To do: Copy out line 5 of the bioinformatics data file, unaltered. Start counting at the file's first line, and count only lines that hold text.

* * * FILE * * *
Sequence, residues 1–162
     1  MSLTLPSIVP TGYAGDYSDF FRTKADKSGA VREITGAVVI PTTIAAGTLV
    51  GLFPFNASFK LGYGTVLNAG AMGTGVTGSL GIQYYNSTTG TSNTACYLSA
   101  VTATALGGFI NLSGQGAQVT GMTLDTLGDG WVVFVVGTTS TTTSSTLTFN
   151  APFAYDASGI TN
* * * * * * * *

   151  APFAYDASGI TN